The Chief Executive of the National Petroleum Authority (NPA), Mr Alex Mould, says the payment of subsidies on all petroleum products at the current level is not sustainable and should be abolished to save the sector from crisis.
Mr Mould, therefore, called for an upward adjustment in the prices of petroleum products — petrol, diesel and LPG — to totally remove the subsidies on them.
Justifying the removal of the subsidies, he said the recent 90-day hold-up in the payment of subsidies had a consequential delay in letter of credit payments, resulting in the delay for scheduled delivery of petroleum products onto the Ghanaian market.
Speaking at a roundtable organised by Citi FM, in Accra yesterday, Mr Mould said one way to increase the prices without Ghanaians feeling the sudden huge increment was for the NPA to be “allowed to implement the pricing mechanism based on the petroleum pricing formula to be executed every two weeks, monthly and quarterly”.
The programme, dubbed, “Fuel subsidies in Ghana: Necessary evil or misallocation of resources”, brought together participants from civil society organisations, the Ministry of Energy and the media.
While from 2009 to 2012 the cost of subsidy was GH¢1.5 billion, NPA projections indicate that it will cost the public purse GH¢2.4 billion this year to subsidise fuel.
That is an average of GH¢200 million monthly and approximately GH¢6.7 million daily. Given that there is an estimated 1.2 million vehicles, including commercial ones, the government is spending approximately GH¢5.60 daily to subsidise fuel for each vehicle.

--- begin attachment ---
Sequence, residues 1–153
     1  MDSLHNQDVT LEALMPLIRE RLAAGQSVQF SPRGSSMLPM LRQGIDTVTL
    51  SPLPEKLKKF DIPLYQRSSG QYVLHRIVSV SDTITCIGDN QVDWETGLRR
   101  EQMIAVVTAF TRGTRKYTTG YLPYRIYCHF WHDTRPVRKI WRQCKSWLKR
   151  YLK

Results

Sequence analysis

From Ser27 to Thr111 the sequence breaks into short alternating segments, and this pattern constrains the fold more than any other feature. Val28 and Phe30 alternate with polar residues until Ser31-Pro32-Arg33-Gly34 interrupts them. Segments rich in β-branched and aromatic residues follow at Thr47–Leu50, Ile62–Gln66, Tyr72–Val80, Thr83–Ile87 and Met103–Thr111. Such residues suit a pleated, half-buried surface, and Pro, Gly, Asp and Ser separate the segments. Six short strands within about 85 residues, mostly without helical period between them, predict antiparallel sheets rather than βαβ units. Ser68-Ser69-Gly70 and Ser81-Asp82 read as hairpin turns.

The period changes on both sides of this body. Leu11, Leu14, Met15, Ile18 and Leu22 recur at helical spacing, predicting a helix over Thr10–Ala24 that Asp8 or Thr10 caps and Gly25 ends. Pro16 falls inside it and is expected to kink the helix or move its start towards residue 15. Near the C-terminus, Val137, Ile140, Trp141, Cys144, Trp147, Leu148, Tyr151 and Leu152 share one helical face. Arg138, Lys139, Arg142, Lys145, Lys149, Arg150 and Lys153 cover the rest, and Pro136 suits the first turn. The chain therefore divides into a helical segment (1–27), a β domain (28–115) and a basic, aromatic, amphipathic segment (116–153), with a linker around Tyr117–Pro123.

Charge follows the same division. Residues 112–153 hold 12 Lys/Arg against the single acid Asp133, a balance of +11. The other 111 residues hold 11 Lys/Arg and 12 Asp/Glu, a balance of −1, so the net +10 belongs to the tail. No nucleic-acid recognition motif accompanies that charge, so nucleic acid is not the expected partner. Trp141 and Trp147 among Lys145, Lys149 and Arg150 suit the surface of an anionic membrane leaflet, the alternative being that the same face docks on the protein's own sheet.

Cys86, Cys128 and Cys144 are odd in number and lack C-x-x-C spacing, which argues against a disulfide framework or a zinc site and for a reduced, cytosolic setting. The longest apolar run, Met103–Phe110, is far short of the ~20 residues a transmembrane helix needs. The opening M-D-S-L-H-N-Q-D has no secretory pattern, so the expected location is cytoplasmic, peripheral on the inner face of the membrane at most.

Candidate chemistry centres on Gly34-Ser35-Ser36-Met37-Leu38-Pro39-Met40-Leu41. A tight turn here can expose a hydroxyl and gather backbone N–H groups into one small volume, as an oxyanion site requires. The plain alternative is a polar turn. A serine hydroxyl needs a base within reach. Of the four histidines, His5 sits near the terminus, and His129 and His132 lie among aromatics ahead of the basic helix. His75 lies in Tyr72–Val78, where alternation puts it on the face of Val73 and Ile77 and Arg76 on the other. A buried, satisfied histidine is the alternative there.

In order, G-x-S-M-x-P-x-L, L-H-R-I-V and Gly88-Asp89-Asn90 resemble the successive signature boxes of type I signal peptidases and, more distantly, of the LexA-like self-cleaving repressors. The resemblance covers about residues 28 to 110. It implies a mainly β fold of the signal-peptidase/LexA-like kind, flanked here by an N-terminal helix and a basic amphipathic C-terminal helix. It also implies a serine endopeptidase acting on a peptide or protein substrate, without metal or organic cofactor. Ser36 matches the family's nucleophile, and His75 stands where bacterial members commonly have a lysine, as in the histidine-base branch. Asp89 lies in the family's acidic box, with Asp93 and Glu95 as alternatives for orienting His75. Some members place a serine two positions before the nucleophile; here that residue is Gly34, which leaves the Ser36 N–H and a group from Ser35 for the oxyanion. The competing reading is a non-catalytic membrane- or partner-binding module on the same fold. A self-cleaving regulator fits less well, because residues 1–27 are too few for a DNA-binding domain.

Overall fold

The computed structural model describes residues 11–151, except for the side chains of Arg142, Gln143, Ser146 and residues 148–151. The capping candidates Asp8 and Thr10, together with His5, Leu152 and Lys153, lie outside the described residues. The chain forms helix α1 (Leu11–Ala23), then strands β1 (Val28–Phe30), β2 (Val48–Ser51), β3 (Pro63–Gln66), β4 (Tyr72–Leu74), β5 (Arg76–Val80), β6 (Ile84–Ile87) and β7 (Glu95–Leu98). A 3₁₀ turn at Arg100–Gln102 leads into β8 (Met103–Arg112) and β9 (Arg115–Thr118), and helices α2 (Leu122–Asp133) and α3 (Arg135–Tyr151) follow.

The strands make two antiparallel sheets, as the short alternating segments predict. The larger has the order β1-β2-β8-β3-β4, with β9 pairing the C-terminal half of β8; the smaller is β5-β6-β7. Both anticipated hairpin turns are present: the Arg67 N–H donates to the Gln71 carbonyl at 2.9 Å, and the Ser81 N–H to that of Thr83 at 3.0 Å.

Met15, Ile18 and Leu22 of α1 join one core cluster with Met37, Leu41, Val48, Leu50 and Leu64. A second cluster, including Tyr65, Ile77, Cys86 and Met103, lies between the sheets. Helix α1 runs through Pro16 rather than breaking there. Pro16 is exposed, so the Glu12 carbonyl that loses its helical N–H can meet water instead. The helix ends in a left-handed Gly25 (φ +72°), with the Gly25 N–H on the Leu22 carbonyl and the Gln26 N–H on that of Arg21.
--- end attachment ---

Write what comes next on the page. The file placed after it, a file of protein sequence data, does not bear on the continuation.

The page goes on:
According to NPA figures, premium is currently being subsidised at 19 per cent, kerosene at 123 per cent, diesel at 20 per cent, LPG at 66 per cent and premix at 236 per cent.
The government’s decision to remove petroleum subsidies in late 2011 caused an uproar, with the Trades Union Congress (TUC), civil society organisations and the opposition parties leading the crusade against their removal.
A similar action in Nigeria brought that country to a standstill, as the labour movement and civil society organisations took to the streets to demonstrate until subsidies were restored.
Mr Mould said it was time for the government to get out of pricing in the sector and allow the private sector to play a leading role.
He said as a measure of increasing efficiency in the sector, the Tema Oil Refinery (TOR) needed to be supported with more investment.
According to him, it was time the country took a firm decision on subsidies, what petroleum products needed to be subsidised, how much needed to be spent on subsidies and whether the country needed to maintain a flat price throughout the year and how that could be sustained.
Mr Kwabena Nyarko Otoo, the Director of Research and Policy at the TUC, disagreed with Mr Mould on the removal of subsidies and the assertion that the government should be out of pricing issues concerning the sector.
“The petroleum sector is too important for the government to get out and leave it in the hands of the private sector, which is mainly driven by profit,” he said.
A policy analyst at the Integrated Social Development Centre( ISODEC), Mr Dennis Nchor, observed that while in the long term it was necessary to remove the subsidies, the country should not rush into doing so without putting in place mitigating measures to cushion the poor who would be at the mercy of price hikes.
But Mr Kofi Bentil, the Vice-President of IMANI, said the only time the government could sell the idea of the removal subsidies was when there were concrete plans to use funds saved from the subsidy removal for well-planned infrastructure development.
According to him, the present situation was such that the country was using all its oil revenue to subsidise fuel.
The country targeted GH¢1.23 billion ($768 million) from the sale of crude oil in the 2012 fiscal year, according to the 2012 budget presented to Parliament in November 16, 2011.
Source: Daily Graphic